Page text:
S&P 500 Drops 3.4% On Disappointing Job Report

U.S. stocks fell at the opening bell, as investors were disappointed with the government’s May report that showed fewer-than expected jobs were created and job creation mostly came from hiring for the U.S. census.

The Dow Jones industrial average fell more than 1.5 percent at the opening, ending down 3,2% at 9.931 points. The New York Stock Exchange activated Friday the so-called rule 48 due to expectations of extreme volatility.

The S&P 500 Index declined 3.4 percent to 1,064.88 points, Friday. It is the biggest drop on the day of the U.S. Labor Department’s monthly jobs report since at least 1998, according to data compiled by Bespoke Investment Group LLC. The Dow Jones Industrial Average sank 324.06 points, or 3.2 percent, to 9,931.22. All 30 of its components retreated.

Investors got an unpleasant surprise from the Labor Department‘s report that 431,000 jobs were created last month. Most of those jobs, 411,000, came from the government’s hiring of temporary census workers. Economists polled by Thomson Reuters had forecast employers would add 513,000 jobs.

Hiring by private employers was particularly weak, which is raising concerns that the economic recovery remains slow. Private employers added just 41,000 jobs in May, down from 218,000 in April and the fewest since January.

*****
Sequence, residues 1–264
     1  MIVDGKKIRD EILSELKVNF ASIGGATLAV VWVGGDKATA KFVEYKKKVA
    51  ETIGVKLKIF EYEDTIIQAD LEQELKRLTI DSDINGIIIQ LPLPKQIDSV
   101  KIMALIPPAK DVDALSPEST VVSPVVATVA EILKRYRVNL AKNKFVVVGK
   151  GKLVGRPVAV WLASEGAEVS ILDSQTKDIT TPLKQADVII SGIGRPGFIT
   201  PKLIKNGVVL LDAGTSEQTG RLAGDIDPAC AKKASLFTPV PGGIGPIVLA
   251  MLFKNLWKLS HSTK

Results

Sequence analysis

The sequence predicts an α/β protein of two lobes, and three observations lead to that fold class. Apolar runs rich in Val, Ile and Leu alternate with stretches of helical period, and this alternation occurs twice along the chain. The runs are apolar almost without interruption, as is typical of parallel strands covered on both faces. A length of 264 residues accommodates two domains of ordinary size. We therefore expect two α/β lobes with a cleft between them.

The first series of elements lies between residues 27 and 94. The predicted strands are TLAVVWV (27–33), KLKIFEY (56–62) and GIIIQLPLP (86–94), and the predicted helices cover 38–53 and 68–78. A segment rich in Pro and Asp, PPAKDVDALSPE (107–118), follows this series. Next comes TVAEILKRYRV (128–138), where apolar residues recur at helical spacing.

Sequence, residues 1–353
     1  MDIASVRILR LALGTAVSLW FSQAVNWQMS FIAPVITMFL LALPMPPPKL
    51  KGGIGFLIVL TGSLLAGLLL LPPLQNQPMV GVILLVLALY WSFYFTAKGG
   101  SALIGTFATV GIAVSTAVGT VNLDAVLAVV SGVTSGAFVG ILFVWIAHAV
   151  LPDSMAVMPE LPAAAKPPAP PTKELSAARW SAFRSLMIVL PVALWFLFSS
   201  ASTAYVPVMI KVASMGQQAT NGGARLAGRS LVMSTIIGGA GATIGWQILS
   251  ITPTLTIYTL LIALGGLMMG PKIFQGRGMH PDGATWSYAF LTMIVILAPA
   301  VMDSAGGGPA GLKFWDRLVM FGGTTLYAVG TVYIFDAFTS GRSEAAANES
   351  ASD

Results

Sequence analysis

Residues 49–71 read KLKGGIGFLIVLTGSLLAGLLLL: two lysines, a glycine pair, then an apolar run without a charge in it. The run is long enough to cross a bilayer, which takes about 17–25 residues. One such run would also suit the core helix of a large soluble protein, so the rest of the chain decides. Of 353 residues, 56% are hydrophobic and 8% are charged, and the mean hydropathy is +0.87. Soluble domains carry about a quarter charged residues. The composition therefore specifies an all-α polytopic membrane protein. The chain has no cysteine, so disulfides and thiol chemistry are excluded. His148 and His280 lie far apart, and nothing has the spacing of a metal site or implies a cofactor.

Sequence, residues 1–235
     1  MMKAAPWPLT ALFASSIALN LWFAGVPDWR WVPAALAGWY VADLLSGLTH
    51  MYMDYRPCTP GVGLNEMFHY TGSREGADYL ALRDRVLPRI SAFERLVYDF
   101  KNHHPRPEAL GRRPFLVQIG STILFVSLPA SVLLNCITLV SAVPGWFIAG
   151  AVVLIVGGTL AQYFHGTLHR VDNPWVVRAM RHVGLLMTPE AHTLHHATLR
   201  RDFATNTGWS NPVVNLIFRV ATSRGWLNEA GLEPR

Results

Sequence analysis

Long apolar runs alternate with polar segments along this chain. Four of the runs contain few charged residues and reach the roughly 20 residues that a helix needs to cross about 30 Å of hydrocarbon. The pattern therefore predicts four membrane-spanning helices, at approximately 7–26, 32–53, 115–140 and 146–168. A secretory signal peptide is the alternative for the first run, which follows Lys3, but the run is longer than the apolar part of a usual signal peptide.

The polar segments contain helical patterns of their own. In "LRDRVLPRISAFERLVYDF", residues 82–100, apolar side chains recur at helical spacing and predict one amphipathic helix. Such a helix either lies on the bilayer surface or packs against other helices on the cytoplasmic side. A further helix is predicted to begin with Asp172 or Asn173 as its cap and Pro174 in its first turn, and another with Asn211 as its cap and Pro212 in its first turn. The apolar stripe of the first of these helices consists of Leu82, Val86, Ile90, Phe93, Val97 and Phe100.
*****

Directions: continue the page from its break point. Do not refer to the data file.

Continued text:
The unemployment rate fell to 9.7 percent from 9.9 percent in April. That was slightly better than the 9.8 percent unemployment rate economists had forecast. That number, however, could creep higher again as more people try to find work and census workers lose their temporary jobs.

Overall, 15 million American remain unemployed. Including workers who have given up looking for work or part-time workers who want full-time jobs, the so-called underemployment rate dipped to 16.6 percent in May from 17.1 percent a month earlier.

The monthly jobs report is one of the most important reports on the economic calendar. High unemployment remains one of the biggest obstacles to strong, sustained growth. Without people returning to the work force, consumer spending is expected to remain sluggish and limit future growth. Consumer spending accounts for the bulk of economic activity.

You’ll find the full report here.

NYSE Activate Rule 48

At the New York Stock Exchange the regulators have now invoked the so-called rule nr.48, that is a precaution rule activated when market volatility is expected to be extremely high.

“Rule 48 suspends the requirement for market makers to send pre-opening indications, or bid and ask prices developing in auctions used to determine a stock’s opening price. The regulation is used “only in those situations where the potential for extremely high market-wide volatility would likely impair floor-wide operations at the exchange,” NYSE Euronext says in an e-mail.

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